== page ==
On Tuesday, Oct. 18 at 9:30 a.m. the Court of Appeals of the State of Georgia will hear oral arguments in the first-floor moot courtroom at Mercer Law School. The annual visit will provide an opportunity for students and the local community to observe the Court in action. The panel that will hear cases at the Law School includes Judge Herbert E. Phipps, presiding, Judge Stephen Louis A. Dillard and Judge Nels S.D. Peterson. The cases to be heard as part of the Fifth Division of the Court includes New Cingular Wireless v. Georgia Department of Revenue, Westbrook and Gould v. Atlanta Gas Light Company, Davis v. Georgia, and Harris v. Mahone.
At the start of the session, the Court will hold a short admission ceremony allowing any recent law school graduates, alumni or members of the local bar who are not already admitted to the Court of Appeals to be admitted at the special session. If you are interested in being admitted to the Bar of the Court of Appeals of Georgia on October 18, please contact Leslie Cadle at Mercer Law School for further details.
Case No. A16A2003, New Cingular Wireless v. Georgia Department of Revenue, involves an appeal, by wireless telephone companies, of a trial court ruling that upheld the Department of Revenue’s decision to deny a refund of sales taxes to the companies that the companies claim the Department erroneously collected from them.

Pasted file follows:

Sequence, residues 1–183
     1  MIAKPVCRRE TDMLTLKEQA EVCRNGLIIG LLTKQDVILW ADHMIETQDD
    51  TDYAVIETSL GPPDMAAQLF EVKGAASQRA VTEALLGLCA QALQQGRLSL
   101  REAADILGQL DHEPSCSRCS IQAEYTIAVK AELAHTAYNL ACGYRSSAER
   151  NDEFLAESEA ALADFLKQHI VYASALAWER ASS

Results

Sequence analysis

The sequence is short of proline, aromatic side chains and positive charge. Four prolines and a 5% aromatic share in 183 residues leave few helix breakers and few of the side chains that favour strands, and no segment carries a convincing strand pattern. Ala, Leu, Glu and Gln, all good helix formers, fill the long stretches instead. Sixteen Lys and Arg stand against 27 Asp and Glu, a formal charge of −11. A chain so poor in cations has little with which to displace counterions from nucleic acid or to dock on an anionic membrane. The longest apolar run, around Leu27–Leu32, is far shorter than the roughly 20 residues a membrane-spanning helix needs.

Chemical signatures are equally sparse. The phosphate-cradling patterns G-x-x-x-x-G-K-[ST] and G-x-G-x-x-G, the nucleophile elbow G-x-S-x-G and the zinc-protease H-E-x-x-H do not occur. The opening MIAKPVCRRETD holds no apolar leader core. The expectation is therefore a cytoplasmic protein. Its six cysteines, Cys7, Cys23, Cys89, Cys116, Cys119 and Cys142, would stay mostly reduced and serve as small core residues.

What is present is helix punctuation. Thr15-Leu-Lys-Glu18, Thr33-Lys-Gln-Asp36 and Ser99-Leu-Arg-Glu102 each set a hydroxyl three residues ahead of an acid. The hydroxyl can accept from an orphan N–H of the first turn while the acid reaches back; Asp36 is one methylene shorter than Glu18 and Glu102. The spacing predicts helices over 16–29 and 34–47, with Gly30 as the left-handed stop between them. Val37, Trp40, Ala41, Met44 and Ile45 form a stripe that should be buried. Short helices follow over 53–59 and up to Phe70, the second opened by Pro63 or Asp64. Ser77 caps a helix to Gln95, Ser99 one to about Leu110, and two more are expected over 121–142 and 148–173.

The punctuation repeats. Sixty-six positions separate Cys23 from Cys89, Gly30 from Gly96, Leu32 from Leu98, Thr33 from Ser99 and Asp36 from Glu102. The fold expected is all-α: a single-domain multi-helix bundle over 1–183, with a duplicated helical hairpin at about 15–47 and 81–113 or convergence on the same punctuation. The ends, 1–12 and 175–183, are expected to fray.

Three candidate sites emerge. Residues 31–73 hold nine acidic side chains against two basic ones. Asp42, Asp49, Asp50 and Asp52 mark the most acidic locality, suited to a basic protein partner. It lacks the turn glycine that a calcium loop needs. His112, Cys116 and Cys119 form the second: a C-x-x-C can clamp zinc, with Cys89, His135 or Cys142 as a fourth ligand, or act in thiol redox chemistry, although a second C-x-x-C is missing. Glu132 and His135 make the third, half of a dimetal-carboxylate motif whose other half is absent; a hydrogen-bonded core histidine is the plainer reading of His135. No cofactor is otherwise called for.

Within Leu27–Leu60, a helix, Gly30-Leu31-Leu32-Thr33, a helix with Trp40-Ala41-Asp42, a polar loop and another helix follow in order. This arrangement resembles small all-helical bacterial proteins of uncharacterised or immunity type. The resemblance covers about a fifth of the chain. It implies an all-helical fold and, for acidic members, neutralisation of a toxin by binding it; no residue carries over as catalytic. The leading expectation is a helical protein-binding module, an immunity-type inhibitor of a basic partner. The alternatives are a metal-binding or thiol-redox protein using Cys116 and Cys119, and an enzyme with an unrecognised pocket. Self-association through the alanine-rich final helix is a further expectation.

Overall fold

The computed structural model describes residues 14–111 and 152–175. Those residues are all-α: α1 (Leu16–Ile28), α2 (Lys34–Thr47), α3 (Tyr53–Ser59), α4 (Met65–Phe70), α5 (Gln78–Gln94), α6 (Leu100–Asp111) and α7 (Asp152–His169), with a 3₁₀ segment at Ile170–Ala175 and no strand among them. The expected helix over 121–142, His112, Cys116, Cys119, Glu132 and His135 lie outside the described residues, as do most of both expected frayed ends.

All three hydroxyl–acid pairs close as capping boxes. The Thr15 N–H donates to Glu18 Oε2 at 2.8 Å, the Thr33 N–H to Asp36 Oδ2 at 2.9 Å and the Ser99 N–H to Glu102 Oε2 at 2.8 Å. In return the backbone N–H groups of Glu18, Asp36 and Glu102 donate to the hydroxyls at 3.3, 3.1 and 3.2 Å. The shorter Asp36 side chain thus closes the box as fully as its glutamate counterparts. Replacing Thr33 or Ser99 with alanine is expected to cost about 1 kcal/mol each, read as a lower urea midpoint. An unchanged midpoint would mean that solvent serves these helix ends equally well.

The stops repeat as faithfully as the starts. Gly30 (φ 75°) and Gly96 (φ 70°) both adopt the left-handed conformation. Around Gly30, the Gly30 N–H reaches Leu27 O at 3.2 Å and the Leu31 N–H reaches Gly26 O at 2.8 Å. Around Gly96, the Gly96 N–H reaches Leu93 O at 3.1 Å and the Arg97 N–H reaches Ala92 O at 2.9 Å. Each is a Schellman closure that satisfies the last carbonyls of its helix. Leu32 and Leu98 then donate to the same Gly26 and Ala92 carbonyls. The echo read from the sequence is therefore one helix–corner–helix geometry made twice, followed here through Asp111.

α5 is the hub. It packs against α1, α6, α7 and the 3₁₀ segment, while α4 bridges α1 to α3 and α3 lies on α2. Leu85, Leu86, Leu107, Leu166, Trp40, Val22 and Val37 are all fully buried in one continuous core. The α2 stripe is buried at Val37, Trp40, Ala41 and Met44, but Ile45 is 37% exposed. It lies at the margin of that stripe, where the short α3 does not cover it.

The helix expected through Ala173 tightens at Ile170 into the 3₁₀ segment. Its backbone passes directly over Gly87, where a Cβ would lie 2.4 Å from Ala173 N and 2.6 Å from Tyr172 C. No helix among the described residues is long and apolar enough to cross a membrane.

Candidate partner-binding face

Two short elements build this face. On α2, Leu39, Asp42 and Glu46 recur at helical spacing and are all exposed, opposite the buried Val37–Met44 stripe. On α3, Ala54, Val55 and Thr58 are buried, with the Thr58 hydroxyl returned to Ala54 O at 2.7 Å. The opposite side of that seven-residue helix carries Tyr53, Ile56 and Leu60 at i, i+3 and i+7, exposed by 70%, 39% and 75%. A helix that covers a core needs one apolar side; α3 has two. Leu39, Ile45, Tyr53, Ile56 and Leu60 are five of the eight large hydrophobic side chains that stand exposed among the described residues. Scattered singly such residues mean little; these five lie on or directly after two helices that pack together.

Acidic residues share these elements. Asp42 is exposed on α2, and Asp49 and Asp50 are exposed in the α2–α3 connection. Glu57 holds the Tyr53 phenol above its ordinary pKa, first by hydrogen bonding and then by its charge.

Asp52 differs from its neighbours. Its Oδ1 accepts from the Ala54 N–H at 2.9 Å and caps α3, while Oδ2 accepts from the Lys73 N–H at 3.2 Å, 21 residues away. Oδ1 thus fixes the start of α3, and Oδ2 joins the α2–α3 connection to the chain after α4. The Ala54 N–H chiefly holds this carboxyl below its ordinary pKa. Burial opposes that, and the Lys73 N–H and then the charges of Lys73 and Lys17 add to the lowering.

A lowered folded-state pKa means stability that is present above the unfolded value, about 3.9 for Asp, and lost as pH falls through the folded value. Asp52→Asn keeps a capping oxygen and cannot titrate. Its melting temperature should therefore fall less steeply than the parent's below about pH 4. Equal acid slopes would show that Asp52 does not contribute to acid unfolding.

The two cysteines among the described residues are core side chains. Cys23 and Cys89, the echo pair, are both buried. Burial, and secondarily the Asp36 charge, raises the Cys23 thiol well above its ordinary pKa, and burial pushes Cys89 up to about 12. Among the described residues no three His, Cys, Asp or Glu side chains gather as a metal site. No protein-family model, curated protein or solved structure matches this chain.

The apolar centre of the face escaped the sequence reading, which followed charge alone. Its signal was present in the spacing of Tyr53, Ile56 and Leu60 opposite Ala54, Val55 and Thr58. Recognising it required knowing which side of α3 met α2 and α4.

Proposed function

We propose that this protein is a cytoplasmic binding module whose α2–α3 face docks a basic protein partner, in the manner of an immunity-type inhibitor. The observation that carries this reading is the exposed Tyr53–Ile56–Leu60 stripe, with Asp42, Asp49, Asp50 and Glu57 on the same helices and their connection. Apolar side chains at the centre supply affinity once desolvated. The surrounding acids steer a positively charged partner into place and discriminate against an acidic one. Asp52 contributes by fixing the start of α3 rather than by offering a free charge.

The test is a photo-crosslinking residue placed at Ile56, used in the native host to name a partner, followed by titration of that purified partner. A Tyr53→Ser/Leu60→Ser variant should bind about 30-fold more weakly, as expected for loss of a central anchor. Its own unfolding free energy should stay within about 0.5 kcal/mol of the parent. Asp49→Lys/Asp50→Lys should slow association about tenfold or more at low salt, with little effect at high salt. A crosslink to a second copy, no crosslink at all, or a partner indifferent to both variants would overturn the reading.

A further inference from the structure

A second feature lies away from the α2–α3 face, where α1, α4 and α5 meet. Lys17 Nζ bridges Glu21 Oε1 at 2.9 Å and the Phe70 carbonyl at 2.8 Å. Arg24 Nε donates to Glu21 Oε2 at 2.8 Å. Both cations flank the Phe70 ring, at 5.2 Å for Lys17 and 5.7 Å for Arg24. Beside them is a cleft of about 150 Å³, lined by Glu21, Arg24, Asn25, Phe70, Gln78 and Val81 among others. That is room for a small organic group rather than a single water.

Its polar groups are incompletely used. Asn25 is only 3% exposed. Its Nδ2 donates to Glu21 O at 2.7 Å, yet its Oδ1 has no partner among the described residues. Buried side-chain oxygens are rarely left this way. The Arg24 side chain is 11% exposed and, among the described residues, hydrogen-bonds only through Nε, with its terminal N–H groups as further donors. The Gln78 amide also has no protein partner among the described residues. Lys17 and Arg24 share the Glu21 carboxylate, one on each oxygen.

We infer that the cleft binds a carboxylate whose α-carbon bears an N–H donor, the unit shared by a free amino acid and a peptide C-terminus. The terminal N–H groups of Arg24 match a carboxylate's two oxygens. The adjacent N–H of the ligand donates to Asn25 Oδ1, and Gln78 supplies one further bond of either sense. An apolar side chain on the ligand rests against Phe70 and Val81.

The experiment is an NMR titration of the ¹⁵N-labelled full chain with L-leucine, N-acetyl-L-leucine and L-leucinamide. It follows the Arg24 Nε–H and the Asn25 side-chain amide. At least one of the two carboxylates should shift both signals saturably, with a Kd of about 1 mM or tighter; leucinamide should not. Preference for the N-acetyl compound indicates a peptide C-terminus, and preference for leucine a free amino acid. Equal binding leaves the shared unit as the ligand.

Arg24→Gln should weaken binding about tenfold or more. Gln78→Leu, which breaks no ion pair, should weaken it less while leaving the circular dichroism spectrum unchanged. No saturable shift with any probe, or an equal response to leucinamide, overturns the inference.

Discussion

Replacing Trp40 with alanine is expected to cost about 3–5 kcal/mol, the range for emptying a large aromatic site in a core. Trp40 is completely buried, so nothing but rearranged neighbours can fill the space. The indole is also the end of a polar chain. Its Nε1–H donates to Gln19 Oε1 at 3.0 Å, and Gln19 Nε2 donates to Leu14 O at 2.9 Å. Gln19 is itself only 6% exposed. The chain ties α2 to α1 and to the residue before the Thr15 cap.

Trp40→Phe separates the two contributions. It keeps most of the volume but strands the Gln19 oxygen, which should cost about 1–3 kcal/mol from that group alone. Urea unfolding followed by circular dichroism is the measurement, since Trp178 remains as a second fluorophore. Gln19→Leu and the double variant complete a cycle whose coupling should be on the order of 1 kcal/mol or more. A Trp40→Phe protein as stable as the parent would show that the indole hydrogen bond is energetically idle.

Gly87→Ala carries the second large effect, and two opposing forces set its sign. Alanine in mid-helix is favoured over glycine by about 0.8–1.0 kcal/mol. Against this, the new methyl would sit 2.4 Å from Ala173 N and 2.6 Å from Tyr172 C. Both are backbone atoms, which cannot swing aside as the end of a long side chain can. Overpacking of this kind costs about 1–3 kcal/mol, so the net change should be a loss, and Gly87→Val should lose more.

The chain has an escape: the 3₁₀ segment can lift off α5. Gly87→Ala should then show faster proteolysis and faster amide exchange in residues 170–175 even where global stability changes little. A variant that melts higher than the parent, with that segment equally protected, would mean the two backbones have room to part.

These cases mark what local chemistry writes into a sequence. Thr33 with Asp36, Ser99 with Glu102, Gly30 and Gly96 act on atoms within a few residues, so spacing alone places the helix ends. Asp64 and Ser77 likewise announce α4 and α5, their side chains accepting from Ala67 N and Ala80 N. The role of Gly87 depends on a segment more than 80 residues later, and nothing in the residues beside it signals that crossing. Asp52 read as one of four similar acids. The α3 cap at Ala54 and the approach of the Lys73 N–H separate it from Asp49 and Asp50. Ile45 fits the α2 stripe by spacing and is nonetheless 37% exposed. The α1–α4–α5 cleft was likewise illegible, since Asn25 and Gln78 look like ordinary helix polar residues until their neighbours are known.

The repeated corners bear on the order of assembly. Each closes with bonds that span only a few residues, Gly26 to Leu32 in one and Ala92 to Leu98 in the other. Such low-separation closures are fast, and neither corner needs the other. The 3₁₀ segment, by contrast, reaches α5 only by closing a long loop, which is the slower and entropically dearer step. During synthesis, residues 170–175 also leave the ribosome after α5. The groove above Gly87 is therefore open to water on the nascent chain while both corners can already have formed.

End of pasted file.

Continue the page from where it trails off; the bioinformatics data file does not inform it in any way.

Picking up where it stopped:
Case No. A16A2072, Westbrook and Gould v. Atlanta Gas Light Company, involves an appeal of the decision of a trial court to grant summary judgment to Atlanta Gas Light Company and dismiss a negligence lawsuit that the appellants brought against Atlanta Gas Light Company when the appellants were injured in a natural gas explosion.
Case No. A16A1650, Davis v. Georgia, is a criminal appeal that presents the question whether an order of the Georgia State Board of Pardons and Paroles that pardoned appellant absolved the appellant from any duty to register as a sex offender pursuant to O.C.G.A. §42-1-12.
Case No. A16A1748, Harris v. Mahone, presents the question whether the trial court correctly interpreted the state’s “offer of judgment” statute, O.C.G.A. § 9-11-68, when it denied the appellant’s request for attorneys’ fees under that statute.